Resist fracking – environmental health officers urge councils

21st July 2014

The organisation representing environmental health officers has urged local authorities to prevent fracking in their areas until they are satisfied about its risks to public health or the environment.

The Chartered Institute of Environmental Health (CIEH) said today there were “major shortcomings” with the regulation of shale gas and there was currently not enough evidence to be sure that fracking was safe.

The CIEH was responding to a briefing document, which assessed peer-reviewed evidence of potential threats from UK shale gas extraction.

The report, commissioned by CIEH and Scientists for Global Responsibility, concluded that fracking:

  • Is not yet adequately regulated in the UK to prevent contamination
  • Would lock the UK into continued reliance on fossil fuels and the international gas market
  • Would undermine national and international efforts to tackle climate change
  • Could cause water shortages

The report also suggested that the job creation potential and community benefits of shale gas extraction had been exaggerated.

CIEH Chief Executive, Graham Jukes, said: “In the enthusiasm to exploit new sources of energy we must assess and ensure that there are no unacceptable adverse impacts on the environment or on the health of people in the communities surrounding extraction sites.”

“Despite central government encouragement for the process, local authorities should resist allowing shale gas extraction in their areas until they are satisfied on that point. We believe that there is currently insufficient evidence to provide such assurance for proposals in the UK and the precautionary principle should apply.”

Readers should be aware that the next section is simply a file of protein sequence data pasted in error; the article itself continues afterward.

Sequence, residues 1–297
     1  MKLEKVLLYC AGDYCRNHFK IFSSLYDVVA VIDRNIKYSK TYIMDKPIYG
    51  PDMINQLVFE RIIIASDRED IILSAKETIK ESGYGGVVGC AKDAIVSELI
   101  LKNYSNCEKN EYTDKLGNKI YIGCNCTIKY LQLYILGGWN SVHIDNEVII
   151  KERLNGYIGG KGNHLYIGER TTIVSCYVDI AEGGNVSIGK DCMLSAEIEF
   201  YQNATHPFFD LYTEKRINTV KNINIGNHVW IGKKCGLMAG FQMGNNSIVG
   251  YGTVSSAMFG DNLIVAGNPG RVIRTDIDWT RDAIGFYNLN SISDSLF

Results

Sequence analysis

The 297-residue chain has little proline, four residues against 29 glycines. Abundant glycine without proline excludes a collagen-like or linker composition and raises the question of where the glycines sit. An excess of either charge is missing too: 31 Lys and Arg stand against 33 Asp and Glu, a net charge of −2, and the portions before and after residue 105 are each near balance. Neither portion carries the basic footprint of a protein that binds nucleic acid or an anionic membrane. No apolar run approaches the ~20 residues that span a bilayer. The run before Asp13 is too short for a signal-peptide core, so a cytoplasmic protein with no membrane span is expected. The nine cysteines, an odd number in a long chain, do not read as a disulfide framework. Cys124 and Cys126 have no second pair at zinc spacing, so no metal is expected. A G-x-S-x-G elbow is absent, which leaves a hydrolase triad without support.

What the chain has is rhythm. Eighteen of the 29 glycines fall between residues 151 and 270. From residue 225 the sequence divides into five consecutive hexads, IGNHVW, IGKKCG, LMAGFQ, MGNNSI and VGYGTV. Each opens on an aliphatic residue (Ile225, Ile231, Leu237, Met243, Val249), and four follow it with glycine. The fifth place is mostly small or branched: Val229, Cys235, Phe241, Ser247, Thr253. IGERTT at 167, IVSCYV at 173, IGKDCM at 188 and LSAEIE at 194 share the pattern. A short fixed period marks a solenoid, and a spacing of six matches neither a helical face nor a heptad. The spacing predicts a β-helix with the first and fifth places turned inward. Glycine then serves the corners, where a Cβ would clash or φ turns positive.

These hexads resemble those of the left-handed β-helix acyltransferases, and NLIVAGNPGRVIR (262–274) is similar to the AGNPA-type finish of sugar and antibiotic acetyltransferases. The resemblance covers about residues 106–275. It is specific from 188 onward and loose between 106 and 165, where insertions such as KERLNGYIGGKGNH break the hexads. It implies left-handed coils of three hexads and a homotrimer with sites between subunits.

Regulatory regime

The report drew attention to the failure of the government to develop regulations that were specific to the shale gas industry and to insist on robust monitoring, even though this was recommended by the Royal Society in its 2012 report.

It quoted an employee of the Environment Agency, who said the organisation relied on operators to “self-report problems”. The employee asked: “How can you guarantee businesses are self-reporting properly if you don’t have the staff to check the reports?”

The authors also listed examples of where operators, including Cuadrilla, had failed to comply with conditions required by regulators.

The report concluded:

“The combination of weak regulation, diminishing resources within regulatory bodies, inexperience of industry and regulators, lack of an appropriate monitoring framework, poor industry compliance and potential conflicts of interest within the planning regime is disquieting”.

Greenhouse gas emissions

The report accepted that the carbon footprint of shale gas was lower than coal, assuming minimal methane leakage. But it suggested that shale gas was unlikely to displace coal, and would contribute to, rather than help tackle, climate change.

“In the absence of a global cap on emissions, the use of shale gas will undoubtedly be in addition to, not instead of, coal and will therefore result in an overall increase in emissions. Until such a constraint on emissions is in place, this problem remains unresolved.”

3 replies »

  1. This is an inadequate study with some very sweeping assertions See for a detailed analysis

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